For local business owner Tina Pashumati James, the Whistler housing crisis is personal, for it was not long ago when she had to live out of her vehicle while running a business in town.
“During my time in Whistler, I have been homeless twice and have slept in my car while also running a successful business,” James said. “We must prioritize solving the housing crisis and supporting local businesses who cannot get staff because there is no housing.”
Now, James hopes to be part of the solution by running for a council seat in the Oct. 15 municipal election.
The local entrepreneur and yoga teacher said she was inspired to run for office after seeing the effect the housing crisis is having on mental health and business viability.
"This whole problem is all tied up with mental health, so it has inspired me. I can't stand by and watch anymore. I really can't, because there are a lot of young people suffering in our town," she said.
"I want to stand up for the young people I see suffering greatly. You can live in paradise, but for some people, it can be like hell."
James, 60, has lived in Whistler for 19 years. She previously worked as a ski patroller for Whistler Blackcomb, and currently runs her own small business, Loka Yoga.
James' platform is focused on affordable housing, the environment and First Nations reconciliation.
Policy-wise, James would like to see a space in Whistler or the Squamish-Lillooet Regional District (SLRD) created for people living in their vehicles that will provide them with access to washroom facilities and clean water or space for the creation of tiny homes.
"There must be somewhere that we could implement a place where people in RV's, instead of them driving from place to place feeling very unsafe, a place where Whistler could keep an eye on it," she said. "I think that would be a brilliant short-term solution, which could help in winter immensely."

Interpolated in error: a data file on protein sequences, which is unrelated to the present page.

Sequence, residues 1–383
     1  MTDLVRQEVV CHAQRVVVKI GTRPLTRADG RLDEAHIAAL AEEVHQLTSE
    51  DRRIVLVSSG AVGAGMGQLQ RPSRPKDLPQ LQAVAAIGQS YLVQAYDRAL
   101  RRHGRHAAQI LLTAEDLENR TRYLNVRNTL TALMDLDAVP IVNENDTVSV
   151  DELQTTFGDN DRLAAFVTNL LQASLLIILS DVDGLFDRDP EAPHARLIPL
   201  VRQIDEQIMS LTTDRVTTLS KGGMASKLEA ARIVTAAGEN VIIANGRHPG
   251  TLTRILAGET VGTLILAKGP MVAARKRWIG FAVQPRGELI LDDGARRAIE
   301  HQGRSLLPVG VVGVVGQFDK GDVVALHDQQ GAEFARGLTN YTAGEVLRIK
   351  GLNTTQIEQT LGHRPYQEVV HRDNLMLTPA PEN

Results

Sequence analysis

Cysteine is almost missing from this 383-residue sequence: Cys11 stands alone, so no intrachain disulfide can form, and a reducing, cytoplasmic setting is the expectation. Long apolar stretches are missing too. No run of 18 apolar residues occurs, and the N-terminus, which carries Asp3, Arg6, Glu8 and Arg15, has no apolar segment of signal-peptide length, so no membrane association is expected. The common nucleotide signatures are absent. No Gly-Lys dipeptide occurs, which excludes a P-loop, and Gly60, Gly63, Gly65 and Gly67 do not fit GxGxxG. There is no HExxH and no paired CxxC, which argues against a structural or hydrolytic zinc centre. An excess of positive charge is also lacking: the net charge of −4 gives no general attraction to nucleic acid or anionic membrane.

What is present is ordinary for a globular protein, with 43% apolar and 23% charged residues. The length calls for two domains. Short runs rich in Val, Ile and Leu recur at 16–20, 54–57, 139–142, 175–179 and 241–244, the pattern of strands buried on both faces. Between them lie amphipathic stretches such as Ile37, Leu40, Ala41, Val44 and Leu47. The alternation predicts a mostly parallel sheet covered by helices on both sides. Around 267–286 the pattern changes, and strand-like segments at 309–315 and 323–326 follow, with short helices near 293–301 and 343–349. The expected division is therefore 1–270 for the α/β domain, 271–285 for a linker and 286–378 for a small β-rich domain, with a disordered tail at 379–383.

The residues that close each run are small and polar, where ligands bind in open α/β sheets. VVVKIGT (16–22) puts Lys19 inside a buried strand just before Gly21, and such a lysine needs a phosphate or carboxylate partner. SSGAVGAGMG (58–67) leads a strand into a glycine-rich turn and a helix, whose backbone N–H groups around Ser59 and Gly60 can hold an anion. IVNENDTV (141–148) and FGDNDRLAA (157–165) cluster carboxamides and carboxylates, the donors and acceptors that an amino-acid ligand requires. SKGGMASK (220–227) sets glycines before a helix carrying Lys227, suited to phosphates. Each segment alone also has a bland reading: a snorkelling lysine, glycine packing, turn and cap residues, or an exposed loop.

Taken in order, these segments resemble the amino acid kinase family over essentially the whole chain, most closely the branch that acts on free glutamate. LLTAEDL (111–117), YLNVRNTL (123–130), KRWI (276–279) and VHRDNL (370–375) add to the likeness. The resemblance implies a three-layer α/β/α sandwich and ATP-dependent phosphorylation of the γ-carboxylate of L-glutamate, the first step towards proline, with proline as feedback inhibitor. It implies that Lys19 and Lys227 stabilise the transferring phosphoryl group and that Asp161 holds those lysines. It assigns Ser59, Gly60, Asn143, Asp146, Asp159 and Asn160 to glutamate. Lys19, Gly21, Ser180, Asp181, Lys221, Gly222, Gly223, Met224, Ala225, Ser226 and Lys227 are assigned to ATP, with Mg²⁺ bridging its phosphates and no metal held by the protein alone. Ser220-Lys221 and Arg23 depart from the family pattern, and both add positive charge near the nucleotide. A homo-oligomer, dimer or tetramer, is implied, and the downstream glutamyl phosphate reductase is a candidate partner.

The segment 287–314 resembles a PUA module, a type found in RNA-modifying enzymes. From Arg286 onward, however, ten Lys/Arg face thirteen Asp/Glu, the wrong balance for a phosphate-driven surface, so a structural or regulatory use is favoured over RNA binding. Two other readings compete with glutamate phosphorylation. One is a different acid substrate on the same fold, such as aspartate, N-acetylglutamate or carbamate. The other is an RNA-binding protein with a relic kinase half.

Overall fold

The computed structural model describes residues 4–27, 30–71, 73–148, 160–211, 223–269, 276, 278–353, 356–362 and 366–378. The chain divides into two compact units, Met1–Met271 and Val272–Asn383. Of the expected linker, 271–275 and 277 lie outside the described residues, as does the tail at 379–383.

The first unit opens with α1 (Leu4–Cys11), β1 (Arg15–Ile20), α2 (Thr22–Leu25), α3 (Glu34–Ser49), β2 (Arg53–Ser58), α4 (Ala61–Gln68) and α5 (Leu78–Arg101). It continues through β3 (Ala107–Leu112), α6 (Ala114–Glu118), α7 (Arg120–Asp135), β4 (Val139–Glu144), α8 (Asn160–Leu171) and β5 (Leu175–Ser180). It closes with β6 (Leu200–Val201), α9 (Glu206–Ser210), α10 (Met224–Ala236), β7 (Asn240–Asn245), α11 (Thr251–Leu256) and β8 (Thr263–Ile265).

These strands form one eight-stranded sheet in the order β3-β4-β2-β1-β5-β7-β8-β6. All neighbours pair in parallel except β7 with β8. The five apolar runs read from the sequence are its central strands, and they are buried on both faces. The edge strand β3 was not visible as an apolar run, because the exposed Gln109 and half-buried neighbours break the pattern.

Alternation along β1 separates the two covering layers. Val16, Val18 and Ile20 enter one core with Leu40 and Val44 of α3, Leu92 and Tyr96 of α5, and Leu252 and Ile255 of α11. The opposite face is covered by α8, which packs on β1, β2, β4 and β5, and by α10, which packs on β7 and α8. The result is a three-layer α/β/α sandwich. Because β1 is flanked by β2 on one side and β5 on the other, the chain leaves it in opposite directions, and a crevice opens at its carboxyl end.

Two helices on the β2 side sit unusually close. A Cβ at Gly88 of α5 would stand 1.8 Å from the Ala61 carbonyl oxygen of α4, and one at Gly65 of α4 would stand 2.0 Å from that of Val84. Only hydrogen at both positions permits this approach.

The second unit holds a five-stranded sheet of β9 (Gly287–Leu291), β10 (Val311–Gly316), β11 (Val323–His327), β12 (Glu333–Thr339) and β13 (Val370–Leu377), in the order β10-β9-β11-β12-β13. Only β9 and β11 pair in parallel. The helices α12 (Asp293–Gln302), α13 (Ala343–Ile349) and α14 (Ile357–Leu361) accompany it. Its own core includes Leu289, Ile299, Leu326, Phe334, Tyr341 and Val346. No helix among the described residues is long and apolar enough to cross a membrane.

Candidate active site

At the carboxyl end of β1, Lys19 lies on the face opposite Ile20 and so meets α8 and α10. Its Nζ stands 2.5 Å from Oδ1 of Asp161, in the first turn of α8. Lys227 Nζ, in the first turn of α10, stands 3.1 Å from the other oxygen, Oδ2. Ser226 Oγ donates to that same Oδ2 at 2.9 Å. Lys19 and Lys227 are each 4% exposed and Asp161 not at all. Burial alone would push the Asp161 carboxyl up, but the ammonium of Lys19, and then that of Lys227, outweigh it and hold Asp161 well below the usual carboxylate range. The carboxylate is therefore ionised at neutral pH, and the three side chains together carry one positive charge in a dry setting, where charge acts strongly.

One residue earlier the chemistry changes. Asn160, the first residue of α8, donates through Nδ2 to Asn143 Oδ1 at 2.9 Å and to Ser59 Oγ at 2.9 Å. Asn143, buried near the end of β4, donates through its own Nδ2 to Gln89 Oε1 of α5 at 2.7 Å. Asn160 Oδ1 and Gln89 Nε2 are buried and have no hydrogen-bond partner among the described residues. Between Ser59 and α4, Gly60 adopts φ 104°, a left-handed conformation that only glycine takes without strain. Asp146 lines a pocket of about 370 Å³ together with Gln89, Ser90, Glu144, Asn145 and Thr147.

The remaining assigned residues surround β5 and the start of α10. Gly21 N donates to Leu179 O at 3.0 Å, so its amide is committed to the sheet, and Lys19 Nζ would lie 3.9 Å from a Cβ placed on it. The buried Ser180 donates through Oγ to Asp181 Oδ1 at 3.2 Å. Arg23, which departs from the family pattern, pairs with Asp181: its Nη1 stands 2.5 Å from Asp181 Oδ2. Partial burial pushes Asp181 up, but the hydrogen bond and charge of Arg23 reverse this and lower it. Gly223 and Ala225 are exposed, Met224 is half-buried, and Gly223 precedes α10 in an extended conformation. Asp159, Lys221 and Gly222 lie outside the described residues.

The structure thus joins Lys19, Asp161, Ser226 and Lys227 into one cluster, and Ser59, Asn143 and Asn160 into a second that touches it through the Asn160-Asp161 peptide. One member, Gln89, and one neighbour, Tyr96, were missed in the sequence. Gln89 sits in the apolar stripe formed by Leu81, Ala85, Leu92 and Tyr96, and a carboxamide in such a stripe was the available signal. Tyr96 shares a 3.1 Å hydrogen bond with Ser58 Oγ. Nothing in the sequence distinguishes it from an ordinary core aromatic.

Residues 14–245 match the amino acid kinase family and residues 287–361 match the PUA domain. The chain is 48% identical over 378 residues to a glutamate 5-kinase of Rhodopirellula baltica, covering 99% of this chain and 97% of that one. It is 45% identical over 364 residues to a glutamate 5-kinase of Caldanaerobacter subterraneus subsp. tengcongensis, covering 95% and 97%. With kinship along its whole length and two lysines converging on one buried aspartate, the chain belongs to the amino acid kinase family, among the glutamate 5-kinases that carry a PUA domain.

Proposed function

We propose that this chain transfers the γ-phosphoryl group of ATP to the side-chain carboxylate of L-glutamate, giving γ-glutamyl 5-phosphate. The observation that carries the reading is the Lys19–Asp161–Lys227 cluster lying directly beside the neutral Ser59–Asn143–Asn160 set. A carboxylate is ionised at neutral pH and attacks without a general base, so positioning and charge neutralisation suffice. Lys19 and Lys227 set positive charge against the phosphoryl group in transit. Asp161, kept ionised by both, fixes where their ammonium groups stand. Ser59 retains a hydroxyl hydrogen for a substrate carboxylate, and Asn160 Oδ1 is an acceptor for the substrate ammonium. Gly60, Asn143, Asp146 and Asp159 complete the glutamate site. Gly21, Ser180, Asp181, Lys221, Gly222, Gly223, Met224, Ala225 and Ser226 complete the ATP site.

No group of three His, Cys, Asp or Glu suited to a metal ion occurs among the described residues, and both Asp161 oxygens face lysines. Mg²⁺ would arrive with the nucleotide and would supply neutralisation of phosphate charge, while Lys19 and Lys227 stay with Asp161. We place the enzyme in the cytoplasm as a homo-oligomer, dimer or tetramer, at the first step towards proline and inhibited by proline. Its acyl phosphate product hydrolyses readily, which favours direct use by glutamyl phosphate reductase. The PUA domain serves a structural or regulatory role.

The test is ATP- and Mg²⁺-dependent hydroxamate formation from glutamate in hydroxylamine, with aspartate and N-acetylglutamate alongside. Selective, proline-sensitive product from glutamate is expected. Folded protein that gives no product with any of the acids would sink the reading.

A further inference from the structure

James would also like to see the number of short-term nightly rentals in the municipality restricted, as she believes they are contributing to the lack of long-term rentals in the municipality.
"If they're allowing Airbnbs, that's taking away housing, because that means the landlord will be getting $200 a night for the Airbnbs, which means people who want to live here permanently, our workforce isn't going to have anywhere to live," she said.
"We can't get any workforce. We have nowhere to put them, because all the Airbnbs now have tourists who are not our workforce."
James believes Whistler's housing situation is unsustainable, and that the municipality needs to look at new ideas to solve the housing crisis.
"It's not just getting more housing, because the Whistler Housing Authority is trying to do the best they can, but I think we have to figure out ways to house people, so they are not living in chicken coops,” she said.
"When people are asking $5,000 for a house that they're going to be chucked out of in a year, it's not a solution. I think the government needs to sit down and discuss how they can create affordable housing for the workforce ... We need to set up a system and work together to try and create a way for our workforce to be able to stay here; otherwise, we're not going to have a workforce."
In addition to housing, James would like the municipality to engage in more consultation with the Lil’wat and Squamish Nations, as she believes the municipality needs to do more to advance reconciliation.
“I think we must all sit together rather than hide problems. We could work together and be the first ski resort to create something good for mental health, reconciliation, the environment, the trees, the bears, and housing. That's what I believe.”
The nomination period runs from Aug. 30 to Sept. 9, with the official campaign period taking place between Sept. 17 and Oct. 15.